ELBING, a seaport town of Germany, in the kingdom of Prussia, 49 m. by rail E.S.E. of Danzig, on the Elbing, a small river which flows into the Frische Haff about 5 m. from the town, and is united with the Nogat or eastern arm of the Vistula by means of the Kraffohl canal. Pop. (1905) 55,627. By the Elbing-Oberländischer canal, 110 m. long, constructed in 1845-1860, Lakes Geserich and Drewenz are connected with Lake Drausen, and consequently with the port of Elbing. The old town was formerly surrounded by fortifications, but of these only a few fragments remain. There are several churches, among them the Marienkirche (dating from the 15th century and restored in 1887), a classical school (Gymnasium) founded in 1536, a modern school (Realschule), a public library of over 28,000 volumes, and several charitable institutions. The town-hall (1894) contains a historical museum.

Elbing is a place of rapidly growing industries. At the great Schichau iron-works, which employ thousands of workmen, are built most of the torpedo-boats and destroyers for the German navy, as well as larger craft, locomotives and machinery. In addition to this there are at Elbing important iron foundries, and manufactories of machinery, cigars, lacquer and metal ware, flax and hemp yarn, cotton, linen, organs, etc. There is a considerable trade also in agricultural produce.

The origin of Elbing was a colony of traders from Lübeck and Bremen, which established itself under the protection of a castle of the Teutonic Knights, built in 1237. In 1246 the town acquired "Lübeck rights," i.e. the full autonomy conceded by the charter of the emperor Frederick II. in 1226 (see Lübeck), and it was early admitted to the Hanseatic League. In 1454 the town repudiated the overlordship of the Teutonic Order, and placed itself under the protection of the king of Poland, becoming the seat of a Polish voivode. From this event dates a decline in its prosperity, a decline hastened by the wars of the early 18th century. In 1698, and again in 1703, it was seized by the elector of Brandenburg as security for a debt due to him by the Polish king. It was taken and held to ransom by Charles XII. of Sweden, and in 1710 was captured by the Russians. In 1772, when it fell to Prussia through the first partition of Poland, it was utterly decayed.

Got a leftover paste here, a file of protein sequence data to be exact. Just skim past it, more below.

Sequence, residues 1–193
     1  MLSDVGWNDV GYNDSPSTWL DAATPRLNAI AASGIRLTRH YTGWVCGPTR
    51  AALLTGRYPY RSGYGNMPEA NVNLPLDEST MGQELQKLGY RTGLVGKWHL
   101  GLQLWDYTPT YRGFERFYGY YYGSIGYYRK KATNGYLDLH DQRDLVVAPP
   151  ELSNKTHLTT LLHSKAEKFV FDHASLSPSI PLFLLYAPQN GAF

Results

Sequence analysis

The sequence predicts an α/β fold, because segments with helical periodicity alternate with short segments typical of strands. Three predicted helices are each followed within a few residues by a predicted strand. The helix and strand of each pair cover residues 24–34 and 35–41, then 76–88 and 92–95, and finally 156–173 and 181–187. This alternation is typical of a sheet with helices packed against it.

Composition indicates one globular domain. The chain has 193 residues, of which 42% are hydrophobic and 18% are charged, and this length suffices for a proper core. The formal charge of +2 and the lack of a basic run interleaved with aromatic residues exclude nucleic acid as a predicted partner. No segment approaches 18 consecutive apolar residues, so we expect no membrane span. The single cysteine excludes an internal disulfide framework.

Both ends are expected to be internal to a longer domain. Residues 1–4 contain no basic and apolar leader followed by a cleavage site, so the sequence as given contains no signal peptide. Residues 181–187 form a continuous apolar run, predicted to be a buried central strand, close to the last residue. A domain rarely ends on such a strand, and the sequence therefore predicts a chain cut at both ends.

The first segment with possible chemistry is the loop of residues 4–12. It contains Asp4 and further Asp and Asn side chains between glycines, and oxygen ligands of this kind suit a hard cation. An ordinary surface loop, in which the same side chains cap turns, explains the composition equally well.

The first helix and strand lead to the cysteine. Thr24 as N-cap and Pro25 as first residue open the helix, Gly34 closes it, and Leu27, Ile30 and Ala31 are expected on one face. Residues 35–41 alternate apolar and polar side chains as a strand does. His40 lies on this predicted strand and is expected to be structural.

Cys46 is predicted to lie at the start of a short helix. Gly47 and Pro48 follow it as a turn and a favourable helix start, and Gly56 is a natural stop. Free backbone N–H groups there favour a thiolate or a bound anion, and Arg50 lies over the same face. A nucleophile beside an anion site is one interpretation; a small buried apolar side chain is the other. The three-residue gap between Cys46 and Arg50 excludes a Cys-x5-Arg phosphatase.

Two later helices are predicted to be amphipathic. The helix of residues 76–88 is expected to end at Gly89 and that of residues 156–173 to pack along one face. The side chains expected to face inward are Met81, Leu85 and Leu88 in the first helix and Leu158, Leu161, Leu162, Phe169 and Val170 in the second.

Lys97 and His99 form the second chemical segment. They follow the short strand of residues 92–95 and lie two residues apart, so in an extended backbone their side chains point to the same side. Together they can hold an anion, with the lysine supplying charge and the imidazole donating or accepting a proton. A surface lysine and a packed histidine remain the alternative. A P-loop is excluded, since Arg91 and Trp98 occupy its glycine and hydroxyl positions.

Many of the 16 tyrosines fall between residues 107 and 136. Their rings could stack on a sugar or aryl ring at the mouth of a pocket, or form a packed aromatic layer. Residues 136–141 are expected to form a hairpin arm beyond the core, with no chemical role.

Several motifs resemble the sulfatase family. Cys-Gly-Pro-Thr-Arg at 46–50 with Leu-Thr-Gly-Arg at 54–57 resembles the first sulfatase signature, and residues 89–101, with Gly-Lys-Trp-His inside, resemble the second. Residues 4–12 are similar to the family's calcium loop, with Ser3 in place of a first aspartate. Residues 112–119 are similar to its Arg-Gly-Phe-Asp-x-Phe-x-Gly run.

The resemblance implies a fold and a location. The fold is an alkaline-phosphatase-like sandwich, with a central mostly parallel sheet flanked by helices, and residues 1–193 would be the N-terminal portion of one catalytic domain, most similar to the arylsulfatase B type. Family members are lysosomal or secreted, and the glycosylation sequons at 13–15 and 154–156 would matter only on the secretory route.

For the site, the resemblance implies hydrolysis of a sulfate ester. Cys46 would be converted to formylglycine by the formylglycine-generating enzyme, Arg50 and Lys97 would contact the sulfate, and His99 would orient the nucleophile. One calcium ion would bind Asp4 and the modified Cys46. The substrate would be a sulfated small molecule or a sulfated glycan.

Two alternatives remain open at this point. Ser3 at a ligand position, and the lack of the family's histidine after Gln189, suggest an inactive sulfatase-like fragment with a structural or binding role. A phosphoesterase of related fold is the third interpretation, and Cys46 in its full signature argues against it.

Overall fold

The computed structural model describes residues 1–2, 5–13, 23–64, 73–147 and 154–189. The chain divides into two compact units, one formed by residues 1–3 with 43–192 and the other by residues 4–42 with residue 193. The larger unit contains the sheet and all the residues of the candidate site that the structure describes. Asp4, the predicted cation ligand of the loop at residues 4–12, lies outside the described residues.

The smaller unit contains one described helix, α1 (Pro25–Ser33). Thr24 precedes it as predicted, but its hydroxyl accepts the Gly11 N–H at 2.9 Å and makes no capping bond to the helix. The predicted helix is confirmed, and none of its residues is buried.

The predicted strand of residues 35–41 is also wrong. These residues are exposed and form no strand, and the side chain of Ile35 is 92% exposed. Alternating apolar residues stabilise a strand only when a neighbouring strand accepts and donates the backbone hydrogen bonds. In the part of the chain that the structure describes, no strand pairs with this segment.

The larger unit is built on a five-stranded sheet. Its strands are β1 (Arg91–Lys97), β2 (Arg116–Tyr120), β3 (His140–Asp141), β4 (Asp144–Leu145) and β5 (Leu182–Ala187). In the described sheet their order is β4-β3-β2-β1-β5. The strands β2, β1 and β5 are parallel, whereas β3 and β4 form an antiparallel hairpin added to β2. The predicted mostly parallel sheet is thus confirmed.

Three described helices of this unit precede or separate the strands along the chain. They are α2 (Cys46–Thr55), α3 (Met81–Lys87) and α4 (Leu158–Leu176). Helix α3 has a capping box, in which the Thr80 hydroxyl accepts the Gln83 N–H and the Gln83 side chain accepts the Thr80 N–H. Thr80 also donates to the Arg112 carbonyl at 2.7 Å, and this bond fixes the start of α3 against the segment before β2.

See Fuchs, Gesch. der Stadt Elbing (Elbing, 1818-1852); Rhode, Der Elbinger Kreis in topographischer, historischer, und statistischer Hinsicht (Danzig, 1871); Wernick, Elbing (Elbing, 1888).

Note - this article incorporates content from Encyclopaedia Britannica, Eleventh Edition, (1910-1911)

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